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Monday, 03 October 2011 00:00

Sacred Seven

Used to be I would look forward to new shows from Sunrise - you could usually count on them trying to do something a little differently, or telling a decent story. Sacred Seven was their contribution to the Summer 2011 season - and it seems that Sunrise may have lost their mojo...

Alma Tandoji, aged seventeen and very tall for his age, is someone who likes to keep other people at a distance, thanks to an incident in his past that saw him seriously injure a large group of schoolmates who had been taunting him. His ability to keep to himself may be coming to an end, though, as he's approached one night by Ruri Aiba, a young girl with secrets of her own. She pleads with Alma to help her battle against the Dark Stones, creatures that can only be defeated by the power of the Sacred Seven - a power that Ruri believes lies within Alma, and that she can help him draw upon...

Ruri is the little rich girl of the show, using the fortune that her dead parents amassed to continue their work with researching the Dark Stones and protecting the world for them, and hoping to find along the way a way to reawaken her twin sister Aoi, who has lain encased in crystal since the night their parents were killed. Ruri is assisted in her search by researcher Kenmi, who claims to be working to make sure that the power of the Sacred Seven is used only for good; by her implausibly good-looking and efficient butler Kagami; and by a maid army the likes of which hasn't been seen since Gravion. I happen to like maid armies, so bonus points from me there. On Alma's side of the fence, there's chairman of the Rockhounding Club, Wakana, perhaps the only person in their school who's willing to give him the benefit of the doubt and treat him like a normal person, despite his reputation. Put them all together, and you have a decent cast to take into battle against the Dark Stones.

The pitch for this one, when it was first announced at Comiket last year, was for a "school battle action project" with the tagline "People's memories change the world!". The first part of that I can see easily enough - Alma's high-school life is front-and-centre in the series - but the "memories" thing I have a harder time picking out. The warning signs, I guess, were in the staff credits, with a director whose previous projects include the Aquarian Age TV series (pretty, but messy plot) and Galaxy Angel; and a script supervisor best known for Yu-Gi-Oh! and the almost-impenetrable Karas.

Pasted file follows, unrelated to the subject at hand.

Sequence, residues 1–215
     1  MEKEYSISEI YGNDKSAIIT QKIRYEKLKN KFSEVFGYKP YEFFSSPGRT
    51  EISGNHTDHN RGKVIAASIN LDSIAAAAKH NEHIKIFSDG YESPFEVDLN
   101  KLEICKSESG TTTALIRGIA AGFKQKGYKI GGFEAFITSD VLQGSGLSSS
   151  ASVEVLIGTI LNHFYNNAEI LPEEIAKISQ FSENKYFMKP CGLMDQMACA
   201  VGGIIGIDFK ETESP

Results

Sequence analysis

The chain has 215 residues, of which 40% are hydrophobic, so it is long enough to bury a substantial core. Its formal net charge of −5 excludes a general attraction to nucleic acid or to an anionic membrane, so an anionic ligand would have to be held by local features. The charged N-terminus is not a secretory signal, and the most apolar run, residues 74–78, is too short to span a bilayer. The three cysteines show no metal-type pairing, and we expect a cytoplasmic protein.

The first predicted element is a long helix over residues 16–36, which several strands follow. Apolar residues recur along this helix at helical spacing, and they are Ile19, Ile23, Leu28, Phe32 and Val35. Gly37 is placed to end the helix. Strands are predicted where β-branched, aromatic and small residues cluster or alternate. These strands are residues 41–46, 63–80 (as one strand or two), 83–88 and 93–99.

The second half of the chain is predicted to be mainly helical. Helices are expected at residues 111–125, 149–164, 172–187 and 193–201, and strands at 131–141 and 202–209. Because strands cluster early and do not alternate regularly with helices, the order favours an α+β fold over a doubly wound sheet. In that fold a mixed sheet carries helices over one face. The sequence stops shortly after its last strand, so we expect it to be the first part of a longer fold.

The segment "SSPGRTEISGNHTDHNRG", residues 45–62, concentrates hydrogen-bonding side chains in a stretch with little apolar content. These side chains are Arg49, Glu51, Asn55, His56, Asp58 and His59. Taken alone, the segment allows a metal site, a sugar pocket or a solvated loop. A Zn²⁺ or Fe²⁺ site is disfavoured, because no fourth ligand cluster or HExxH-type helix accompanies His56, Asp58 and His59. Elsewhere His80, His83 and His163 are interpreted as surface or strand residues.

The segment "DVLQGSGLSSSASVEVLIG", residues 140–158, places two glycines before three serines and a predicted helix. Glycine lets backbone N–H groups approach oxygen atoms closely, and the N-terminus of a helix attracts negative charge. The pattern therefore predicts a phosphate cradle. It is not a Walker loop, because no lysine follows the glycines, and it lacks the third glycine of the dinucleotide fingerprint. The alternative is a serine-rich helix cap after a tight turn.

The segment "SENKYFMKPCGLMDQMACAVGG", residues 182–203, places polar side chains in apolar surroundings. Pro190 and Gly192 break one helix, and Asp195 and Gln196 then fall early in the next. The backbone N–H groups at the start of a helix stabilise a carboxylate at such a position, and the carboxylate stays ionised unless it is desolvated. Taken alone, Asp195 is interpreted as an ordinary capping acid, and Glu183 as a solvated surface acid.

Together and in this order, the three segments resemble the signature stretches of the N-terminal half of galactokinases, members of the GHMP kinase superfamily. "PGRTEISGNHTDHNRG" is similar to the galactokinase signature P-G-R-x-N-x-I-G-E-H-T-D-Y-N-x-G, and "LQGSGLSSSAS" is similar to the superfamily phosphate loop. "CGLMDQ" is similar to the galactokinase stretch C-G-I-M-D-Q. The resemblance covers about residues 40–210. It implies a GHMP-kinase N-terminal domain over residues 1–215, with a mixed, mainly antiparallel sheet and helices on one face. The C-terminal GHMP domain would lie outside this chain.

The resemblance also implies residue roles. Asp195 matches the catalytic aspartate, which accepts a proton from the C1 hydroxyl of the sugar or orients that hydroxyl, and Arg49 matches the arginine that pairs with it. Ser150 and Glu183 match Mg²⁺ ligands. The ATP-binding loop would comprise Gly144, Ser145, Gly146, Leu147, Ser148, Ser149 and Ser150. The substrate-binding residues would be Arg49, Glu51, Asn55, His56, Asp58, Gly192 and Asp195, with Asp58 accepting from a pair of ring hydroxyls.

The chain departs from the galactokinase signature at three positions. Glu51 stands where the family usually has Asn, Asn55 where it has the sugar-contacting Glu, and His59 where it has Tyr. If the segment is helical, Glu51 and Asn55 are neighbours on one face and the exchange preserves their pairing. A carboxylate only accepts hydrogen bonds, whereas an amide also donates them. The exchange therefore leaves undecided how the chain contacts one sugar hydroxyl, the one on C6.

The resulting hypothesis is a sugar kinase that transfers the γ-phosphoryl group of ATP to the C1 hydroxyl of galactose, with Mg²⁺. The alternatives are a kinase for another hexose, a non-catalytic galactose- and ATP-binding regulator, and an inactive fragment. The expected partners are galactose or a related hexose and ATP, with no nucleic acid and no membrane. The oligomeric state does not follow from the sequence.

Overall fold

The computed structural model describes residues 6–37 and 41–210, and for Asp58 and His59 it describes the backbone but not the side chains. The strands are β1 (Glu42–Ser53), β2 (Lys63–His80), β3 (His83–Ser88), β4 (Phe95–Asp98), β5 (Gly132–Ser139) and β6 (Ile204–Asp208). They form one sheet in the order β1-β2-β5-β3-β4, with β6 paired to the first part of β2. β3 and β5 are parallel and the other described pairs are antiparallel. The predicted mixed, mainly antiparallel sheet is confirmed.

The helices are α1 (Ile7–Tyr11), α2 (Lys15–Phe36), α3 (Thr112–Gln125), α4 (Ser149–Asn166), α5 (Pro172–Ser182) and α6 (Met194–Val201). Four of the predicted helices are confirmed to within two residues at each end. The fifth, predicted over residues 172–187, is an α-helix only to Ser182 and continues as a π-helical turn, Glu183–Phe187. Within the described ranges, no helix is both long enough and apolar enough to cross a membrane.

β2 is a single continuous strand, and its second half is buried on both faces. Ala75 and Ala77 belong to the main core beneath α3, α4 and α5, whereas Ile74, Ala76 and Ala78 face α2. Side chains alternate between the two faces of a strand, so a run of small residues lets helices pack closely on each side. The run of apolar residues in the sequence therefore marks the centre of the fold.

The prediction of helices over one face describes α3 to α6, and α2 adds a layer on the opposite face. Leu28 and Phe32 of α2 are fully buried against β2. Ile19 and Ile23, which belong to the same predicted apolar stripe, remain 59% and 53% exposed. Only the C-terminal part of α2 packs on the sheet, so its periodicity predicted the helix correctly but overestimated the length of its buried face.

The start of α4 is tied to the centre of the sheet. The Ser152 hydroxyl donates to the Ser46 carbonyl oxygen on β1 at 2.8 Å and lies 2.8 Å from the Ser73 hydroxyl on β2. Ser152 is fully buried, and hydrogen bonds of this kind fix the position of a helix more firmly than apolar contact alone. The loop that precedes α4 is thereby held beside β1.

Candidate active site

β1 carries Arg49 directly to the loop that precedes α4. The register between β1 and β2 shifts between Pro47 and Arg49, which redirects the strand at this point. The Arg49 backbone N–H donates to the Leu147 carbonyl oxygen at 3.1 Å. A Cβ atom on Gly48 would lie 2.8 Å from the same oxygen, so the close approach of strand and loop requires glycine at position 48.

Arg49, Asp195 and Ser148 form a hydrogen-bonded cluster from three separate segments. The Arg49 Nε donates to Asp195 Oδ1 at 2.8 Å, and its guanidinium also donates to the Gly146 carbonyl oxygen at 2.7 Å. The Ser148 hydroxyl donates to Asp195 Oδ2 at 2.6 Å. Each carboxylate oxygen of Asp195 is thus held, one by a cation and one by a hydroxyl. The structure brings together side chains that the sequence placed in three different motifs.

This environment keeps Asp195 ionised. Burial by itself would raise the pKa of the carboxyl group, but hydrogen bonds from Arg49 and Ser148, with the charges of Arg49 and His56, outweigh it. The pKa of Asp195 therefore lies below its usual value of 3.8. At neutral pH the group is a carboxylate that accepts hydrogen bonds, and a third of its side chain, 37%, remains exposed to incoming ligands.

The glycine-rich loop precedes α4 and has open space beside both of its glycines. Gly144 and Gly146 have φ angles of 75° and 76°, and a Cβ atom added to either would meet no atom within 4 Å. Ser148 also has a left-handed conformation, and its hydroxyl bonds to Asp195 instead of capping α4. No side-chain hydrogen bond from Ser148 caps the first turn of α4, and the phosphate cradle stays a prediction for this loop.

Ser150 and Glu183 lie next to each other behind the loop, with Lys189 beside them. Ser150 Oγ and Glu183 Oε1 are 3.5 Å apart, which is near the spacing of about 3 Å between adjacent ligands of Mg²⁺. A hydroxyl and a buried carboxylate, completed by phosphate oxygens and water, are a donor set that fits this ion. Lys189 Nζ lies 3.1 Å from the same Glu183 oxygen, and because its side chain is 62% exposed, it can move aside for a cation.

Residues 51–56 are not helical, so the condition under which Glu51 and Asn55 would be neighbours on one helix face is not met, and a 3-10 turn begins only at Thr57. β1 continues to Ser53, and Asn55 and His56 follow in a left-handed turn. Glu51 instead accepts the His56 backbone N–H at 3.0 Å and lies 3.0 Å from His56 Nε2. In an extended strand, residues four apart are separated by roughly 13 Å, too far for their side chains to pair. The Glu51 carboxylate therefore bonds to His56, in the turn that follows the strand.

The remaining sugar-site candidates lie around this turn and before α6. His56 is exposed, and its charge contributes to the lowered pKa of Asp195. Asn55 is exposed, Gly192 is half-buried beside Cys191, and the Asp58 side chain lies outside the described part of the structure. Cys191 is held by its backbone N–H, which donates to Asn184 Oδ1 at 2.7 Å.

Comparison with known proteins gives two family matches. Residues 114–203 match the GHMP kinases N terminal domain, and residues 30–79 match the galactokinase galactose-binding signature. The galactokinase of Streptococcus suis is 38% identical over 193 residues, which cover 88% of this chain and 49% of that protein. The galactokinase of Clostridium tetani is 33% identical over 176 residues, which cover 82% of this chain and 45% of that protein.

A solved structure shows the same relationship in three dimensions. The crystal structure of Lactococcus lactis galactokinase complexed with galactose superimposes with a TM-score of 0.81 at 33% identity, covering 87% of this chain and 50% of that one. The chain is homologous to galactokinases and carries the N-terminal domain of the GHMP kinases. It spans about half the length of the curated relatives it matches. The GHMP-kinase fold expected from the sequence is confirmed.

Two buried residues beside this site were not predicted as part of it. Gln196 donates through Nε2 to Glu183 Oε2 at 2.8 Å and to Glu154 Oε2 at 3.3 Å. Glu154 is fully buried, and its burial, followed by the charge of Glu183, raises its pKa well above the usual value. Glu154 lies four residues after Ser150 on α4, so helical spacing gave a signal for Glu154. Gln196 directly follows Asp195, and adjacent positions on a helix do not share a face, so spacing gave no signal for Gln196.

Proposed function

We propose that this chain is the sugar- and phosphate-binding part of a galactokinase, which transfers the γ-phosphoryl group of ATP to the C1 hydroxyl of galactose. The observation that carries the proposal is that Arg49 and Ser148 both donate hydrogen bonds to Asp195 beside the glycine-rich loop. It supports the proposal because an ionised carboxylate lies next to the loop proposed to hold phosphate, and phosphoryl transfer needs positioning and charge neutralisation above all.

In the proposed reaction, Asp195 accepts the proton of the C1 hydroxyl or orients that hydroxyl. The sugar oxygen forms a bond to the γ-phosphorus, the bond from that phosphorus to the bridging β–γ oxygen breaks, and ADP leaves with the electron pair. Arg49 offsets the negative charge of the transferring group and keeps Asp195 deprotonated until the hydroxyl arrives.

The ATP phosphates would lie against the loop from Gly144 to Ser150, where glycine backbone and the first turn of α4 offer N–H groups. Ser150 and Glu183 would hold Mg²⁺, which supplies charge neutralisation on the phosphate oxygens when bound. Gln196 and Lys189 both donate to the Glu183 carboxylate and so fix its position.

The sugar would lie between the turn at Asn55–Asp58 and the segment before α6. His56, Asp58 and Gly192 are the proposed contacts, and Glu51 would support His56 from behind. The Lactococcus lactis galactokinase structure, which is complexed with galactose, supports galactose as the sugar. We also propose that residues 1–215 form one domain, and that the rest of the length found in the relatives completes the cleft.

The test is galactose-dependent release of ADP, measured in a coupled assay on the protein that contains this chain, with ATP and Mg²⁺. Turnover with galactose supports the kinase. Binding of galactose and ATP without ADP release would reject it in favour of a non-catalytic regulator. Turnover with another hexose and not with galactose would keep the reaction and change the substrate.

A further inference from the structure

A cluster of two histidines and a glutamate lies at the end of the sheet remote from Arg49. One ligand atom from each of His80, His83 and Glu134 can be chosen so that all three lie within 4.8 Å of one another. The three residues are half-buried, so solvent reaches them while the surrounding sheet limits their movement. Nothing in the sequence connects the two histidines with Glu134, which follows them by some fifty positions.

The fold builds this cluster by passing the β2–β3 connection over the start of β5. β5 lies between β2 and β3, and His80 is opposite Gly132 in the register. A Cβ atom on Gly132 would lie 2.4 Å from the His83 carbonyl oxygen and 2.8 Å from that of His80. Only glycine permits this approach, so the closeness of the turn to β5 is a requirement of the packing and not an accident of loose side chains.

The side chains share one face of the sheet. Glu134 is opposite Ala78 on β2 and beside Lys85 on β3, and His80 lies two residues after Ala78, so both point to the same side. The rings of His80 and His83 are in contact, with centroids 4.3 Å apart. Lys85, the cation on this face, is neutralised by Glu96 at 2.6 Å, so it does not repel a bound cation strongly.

"Pretty, but messy plot" is an accusation that can quickly be laid against Sacred Seven too: it really does look good, but the story is nonsensical or lacking in so many ways that following it soon becomes a chore. The main issue is the so little is explained: what is "sacred seven"? Where do the Dark Stones come from? Whatever the appeal of a maid army, surely Ruri could have come up with something better to save the world with..? And more besides. Sure, a show can ride on visual appeal alone for quite a while, there's a lot to be said for wow value, but unless you're doing a slice-of-life story where setting and characters are the reason for being, you have to get down to telling a story eventually - especially when, as here, you've set up a backstory and issues that clearly need to be resolved. Sacred Seven never really tries too hard in that area, settling only for tying up one story arc involving Kenmi & Aoi and otherwise doing very little.

It's a poster child for wasted potential, really. Yes, the girls are cute, the maids are fun, and it's a visual spectacle that's up there with the best of the season on that front. But there's so little else to it that it's hardly worth bothering with, ultimately, as there's just so little to get the teeth into. Shame, really.

Rating - ***